Property Management Toolbox
Real Estate Investing
7 Ways to Limit Your Liability When Offering Rental Management Services - Part II
Published Date: 2013-04-03
If you're a real estate agent looking to broaden your business offerings, you may have considered adding corporate rentals and property management to your services. While doing so is a great way to diversify your business, and add a new level of income, there are business risks to taking on rentals. In this two part series, we're offering tips you can employ to safeguard your brokerage business when adding rental management services.
Tip #4: Get Contracts
You don't want to enter the rental management business on a handshake. If you're going to manage the corporate property
, you'll need a solid contract in place that details your role and responsibilities, as well as limits your liability for issues out of your control. Make sure you put any discussions with owners in writing at all times - you don't want to have disagreements that turn into a he-said, she-said battle.
Tip #5: Have Insurance
You will need professional and general liability insurance for the property management side of your business. You also need to ask your clients to include your company in their homeowner and landlord insurance policies. This prevents you from being sued if a tenant gets injured or other issue arises. Ultimately the property insurance should cover you to prevent you from getting sued.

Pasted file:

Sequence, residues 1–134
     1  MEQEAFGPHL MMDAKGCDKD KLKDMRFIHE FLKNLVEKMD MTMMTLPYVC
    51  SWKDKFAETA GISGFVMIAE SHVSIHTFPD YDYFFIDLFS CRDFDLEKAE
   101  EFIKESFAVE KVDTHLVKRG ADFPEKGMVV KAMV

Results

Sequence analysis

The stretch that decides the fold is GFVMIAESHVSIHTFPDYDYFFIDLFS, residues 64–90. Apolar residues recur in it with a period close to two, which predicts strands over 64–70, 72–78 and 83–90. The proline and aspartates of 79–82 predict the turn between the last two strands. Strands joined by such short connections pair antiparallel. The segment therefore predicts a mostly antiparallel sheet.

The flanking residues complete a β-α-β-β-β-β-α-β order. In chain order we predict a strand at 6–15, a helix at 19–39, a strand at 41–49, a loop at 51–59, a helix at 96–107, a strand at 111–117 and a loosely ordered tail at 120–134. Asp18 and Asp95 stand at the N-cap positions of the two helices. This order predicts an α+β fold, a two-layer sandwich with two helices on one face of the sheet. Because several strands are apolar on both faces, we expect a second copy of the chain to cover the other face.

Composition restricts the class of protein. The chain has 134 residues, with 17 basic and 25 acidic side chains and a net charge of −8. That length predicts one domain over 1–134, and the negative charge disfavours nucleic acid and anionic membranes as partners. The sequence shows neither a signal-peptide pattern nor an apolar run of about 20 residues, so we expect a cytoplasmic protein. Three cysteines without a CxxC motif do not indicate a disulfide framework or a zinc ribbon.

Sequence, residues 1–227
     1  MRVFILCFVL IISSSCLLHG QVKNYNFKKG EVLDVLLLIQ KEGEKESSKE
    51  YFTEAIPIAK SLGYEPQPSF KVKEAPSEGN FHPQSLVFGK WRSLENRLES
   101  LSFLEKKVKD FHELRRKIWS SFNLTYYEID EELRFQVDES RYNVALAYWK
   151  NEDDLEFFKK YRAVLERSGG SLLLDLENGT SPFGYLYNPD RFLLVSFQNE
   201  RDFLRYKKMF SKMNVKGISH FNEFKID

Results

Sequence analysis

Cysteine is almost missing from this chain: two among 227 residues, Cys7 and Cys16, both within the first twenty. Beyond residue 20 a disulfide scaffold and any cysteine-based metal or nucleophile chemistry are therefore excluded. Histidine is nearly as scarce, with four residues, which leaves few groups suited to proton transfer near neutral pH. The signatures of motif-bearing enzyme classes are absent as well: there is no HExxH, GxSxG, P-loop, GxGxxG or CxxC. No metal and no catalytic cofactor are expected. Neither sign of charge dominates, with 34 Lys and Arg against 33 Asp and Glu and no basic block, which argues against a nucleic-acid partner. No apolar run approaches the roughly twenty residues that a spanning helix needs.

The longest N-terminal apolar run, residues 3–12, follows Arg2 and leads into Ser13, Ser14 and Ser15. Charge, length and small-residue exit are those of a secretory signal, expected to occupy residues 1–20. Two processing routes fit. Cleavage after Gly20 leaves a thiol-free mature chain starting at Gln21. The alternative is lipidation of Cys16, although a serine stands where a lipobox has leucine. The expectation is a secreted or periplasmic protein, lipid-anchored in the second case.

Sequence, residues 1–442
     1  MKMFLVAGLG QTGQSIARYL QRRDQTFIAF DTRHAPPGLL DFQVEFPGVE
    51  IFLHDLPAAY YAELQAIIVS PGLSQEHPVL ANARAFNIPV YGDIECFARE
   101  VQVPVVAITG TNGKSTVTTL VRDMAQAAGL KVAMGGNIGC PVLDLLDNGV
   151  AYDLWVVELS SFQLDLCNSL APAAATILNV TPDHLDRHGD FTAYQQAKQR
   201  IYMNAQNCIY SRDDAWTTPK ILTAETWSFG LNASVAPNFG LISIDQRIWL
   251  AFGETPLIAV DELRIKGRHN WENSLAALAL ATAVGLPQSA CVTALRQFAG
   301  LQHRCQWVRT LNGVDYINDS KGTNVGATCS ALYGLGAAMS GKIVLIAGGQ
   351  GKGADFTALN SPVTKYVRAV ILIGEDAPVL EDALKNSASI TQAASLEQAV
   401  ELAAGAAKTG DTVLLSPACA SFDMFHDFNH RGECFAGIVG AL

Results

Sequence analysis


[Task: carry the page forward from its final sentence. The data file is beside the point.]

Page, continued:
Tip #6: Be Picky
While it sounds ideal to manage any and all properties that knock on your door, you'll want to use your discretion. Only take on what you can manage, and be picky about what properties you manage. Doing so will ensure you do a good and through job with all your clients and thus limit your liability. You may want to manage properties only within a specific geographic location or only a specific type of property (single family home), etc. Also, work with clients who value you and are willing to pay your fee. Be picky about who you represent!
Tip #7: Have a Point Person
To limit your liability, you'll want to have a single point person for property owners and tenants. This is an opportunity for renters and tenants to develop a relationship with your company, one that is based on open communication and trust. Your point person will want to respond to inquiries immediately and quickly resolve problems that arise before they become liabilities.
Missed Tips #1-3? Read Part I here